Effects of experience and processing demands on visual information acquisition in drivers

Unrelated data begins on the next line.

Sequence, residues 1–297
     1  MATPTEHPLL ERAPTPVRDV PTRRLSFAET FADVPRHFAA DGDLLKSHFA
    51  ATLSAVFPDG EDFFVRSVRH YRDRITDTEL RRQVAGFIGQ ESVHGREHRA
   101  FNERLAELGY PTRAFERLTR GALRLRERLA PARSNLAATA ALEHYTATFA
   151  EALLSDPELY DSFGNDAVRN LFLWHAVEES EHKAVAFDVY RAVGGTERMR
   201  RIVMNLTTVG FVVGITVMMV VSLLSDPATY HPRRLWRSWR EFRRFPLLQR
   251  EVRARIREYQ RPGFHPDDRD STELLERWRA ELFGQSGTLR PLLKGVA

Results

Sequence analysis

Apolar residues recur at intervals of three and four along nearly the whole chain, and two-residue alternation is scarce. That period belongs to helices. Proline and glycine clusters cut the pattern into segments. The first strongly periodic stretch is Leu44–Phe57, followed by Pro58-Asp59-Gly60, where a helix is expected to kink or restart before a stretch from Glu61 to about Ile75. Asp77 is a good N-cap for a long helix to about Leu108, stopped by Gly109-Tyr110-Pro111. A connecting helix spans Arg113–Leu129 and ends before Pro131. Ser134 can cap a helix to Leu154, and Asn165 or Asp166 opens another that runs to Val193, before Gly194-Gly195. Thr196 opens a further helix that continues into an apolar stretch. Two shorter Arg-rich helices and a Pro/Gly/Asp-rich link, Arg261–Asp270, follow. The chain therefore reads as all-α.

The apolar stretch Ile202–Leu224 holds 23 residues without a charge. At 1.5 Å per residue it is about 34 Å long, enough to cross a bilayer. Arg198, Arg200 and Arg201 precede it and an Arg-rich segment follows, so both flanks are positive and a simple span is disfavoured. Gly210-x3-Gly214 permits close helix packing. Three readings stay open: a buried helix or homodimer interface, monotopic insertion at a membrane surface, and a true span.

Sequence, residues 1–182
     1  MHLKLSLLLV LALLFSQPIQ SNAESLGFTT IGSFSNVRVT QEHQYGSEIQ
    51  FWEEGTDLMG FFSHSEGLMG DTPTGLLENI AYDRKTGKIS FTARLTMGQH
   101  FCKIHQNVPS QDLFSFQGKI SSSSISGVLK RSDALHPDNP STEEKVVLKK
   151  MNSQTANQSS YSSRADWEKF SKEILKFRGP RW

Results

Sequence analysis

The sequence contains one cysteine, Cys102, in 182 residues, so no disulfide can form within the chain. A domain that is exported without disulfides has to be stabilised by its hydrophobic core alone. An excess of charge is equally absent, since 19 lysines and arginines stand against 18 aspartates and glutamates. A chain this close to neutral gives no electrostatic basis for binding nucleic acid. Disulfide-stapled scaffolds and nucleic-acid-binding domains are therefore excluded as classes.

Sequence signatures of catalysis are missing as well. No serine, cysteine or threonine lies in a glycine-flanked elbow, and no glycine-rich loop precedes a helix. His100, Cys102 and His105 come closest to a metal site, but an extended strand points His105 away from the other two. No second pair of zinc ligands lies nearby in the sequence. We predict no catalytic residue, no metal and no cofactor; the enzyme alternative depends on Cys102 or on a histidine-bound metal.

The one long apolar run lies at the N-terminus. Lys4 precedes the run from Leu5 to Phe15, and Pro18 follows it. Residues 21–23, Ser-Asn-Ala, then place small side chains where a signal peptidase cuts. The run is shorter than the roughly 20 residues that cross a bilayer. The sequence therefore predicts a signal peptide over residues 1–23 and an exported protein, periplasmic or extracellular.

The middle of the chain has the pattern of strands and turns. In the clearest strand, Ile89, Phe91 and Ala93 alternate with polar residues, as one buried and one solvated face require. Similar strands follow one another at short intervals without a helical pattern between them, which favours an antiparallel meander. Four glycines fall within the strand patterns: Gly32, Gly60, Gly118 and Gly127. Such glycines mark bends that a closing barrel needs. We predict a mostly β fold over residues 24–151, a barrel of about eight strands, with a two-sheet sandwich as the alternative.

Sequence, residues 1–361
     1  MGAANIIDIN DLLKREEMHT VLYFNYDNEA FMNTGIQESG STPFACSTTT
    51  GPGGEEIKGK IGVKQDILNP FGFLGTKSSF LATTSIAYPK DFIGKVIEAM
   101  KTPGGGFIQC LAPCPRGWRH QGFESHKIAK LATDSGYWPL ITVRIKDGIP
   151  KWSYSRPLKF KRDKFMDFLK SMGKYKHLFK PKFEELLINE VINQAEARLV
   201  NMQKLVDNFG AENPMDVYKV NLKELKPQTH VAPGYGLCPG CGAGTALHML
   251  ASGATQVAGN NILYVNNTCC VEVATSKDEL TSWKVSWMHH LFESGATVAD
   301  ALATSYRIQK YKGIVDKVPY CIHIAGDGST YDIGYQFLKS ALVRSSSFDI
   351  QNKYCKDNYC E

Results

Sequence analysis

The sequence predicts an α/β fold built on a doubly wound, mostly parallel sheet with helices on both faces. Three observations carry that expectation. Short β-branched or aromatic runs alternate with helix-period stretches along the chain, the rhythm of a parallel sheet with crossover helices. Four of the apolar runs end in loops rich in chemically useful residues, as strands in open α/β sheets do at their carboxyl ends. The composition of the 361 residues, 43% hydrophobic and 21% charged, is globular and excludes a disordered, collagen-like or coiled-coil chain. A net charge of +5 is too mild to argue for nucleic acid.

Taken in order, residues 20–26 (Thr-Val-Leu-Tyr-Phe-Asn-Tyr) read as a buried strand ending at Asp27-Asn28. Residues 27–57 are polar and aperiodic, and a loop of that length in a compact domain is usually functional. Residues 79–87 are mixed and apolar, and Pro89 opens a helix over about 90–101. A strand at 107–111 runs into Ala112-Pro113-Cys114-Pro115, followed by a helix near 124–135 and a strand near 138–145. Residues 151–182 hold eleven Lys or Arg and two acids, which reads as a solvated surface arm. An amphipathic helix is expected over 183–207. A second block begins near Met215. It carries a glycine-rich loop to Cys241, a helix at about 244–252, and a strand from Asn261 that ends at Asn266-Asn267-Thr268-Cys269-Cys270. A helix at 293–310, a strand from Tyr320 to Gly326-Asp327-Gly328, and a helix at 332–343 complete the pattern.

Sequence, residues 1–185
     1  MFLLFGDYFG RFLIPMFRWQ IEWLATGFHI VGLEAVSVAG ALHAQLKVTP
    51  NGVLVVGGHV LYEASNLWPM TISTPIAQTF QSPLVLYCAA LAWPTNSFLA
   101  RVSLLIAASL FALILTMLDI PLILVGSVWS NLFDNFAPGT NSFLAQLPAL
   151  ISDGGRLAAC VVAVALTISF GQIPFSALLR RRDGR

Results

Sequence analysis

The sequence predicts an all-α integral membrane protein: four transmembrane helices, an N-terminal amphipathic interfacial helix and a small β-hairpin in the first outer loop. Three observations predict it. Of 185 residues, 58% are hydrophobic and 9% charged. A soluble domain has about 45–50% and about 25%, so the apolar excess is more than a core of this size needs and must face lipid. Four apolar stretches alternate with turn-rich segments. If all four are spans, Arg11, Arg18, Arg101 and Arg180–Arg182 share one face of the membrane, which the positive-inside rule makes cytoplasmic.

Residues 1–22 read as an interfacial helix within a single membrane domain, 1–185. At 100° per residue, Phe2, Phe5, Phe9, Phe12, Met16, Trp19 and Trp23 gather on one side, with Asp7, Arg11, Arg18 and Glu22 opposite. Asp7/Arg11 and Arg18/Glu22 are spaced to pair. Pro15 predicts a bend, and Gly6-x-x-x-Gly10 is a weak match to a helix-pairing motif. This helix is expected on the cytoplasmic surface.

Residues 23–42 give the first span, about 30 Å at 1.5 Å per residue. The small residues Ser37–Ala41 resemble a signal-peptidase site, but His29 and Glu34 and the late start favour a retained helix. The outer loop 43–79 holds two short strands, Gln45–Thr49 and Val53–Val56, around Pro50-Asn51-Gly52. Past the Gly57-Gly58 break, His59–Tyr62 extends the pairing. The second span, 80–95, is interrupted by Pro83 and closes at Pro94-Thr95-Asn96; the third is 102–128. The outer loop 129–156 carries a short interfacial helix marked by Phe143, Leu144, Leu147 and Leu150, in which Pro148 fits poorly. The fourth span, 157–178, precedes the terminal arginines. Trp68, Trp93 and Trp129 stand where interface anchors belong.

This study investigated the differences between novices and experienced drivers in their distribution of visual attention under different levels of cognitive load imposed by different types of road, and as reflected in their visual search strategies. The task involved a 20-min drive on various roads while the drivers' eye movements were recorded. The measures taken included fixation durations, as an indicator of the time taken to assimilate fixated objects, and the variance of fixation co-ordinates to describe the spread of search in both the horizontal and vertical axes. Differences were found between novices and experienced drivers according to the type of road being driven. The results suggested that experienced drivers select visual strategies according to the complexity of the roadway, and that the strategies of novices are too inflexible to meet changing demands.
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